We enrolled all participants between March 2002 and May 2004 and completed all follow-up assessments by June 2005. Figure 1 illustrates the flow of participants through the trial, and table 1 shows baseline characteristics of the study sample by group. The participants were well matched for demographic and clinical characteristics.
Participants' characteristics (such as sex and duration of symptoms) and outcome measures taken at baseline did not significantly influence the dichotomous and continuous measures over time; we therefore present unadjusted data. Significant time by group interactions for all outcome measures occurred in the omnibus analysis.
Table 2 shows the outcome data, and table 3 shows the absolute event rates, relative risk reductions, and numbers needed to treat. We found significant differences for all primary outcome measures at six weeks that favoured injection over wait and see; 51/65 (78%) participants reported success with injections compared with 16/60 (27%) with wait and see (relative risk reduction 0.7, 99% confidence interval 0.4 to 0.9), representing a number needed to treat of 2. Injection was also superior to physiotherapy on all outcome measures except global improvement (0.4, -0.2 to 0.9); 41/63 (65%) participants reported success at six weeks with physiotherapy (fig 2, table 3). At 52 weeks' follow-up, the injection group participants were significantly worse on all outcomes compared with the physiotherapy group (0.3, 0.1 to 0.5; number needed to treat = 4) and on two out of three measures compared with wait and see (0.3, 0.04 to 0.4; 4).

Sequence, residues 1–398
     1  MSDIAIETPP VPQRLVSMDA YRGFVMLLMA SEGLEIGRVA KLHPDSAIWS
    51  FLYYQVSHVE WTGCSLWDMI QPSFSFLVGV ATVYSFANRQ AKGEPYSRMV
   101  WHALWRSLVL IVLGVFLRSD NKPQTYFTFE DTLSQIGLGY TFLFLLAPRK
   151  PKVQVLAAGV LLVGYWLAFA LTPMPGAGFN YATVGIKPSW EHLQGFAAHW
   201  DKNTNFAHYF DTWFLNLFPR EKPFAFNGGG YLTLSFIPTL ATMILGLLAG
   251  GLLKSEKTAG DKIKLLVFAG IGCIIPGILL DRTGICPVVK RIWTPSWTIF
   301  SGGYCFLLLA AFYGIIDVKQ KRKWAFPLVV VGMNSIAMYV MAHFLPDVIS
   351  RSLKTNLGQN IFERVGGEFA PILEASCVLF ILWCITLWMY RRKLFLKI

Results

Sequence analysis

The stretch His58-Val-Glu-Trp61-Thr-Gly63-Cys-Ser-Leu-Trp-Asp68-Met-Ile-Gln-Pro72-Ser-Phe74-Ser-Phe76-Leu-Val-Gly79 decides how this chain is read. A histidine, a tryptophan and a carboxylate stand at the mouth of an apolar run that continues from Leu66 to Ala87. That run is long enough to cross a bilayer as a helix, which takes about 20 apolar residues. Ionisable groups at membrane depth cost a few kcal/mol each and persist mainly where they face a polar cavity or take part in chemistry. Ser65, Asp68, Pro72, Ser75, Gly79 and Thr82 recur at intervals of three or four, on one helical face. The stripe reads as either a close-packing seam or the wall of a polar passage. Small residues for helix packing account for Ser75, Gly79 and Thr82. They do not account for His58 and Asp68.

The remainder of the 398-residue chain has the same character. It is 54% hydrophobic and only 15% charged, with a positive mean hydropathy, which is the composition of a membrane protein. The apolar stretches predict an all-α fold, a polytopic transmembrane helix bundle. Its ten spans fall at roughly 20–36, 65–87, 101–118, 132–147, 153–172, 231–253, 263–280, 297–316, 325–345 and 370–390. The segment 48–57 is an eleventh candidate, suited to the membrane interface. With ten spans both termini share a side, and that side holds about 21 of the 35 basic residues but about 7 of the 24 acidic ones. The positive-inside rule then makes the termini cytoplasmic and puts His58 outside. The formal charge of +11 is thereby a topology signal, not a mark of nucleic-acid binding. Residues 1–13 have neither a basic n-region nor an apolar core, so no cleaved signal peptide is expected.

Physiotherapy performed significantly better than wait and see at six weeks for all outcome measures (for example, success: 0.6, 0.2 to 0.9; number needed to treat = 3) (fig 2). However, by 52 weeks no difference existed on any primary outcome measure, as most participants had either much improved or completely recovered (wait and see 56/62; physiotherapy 59/63) (table 3, fig 2).
Area under the curve analysis revealed a significant advantage in favour of physiotherapy over injection for all primary outcome measures, over wait and see for pain-free grip (mean difference = 534, 99% confidence interval 3 to 1065) and assessor severity (447, 137 to 758), as well as for wait and see over injection for global improvement (-8.3, -15.0 to -1.5) and assessor severity (-337, -642 to -32) (table 2, fig 2).
Removal of participants who failed to adhere to the trial protocol only minimally changed the results of the intention to treat analysis (fig 2¶).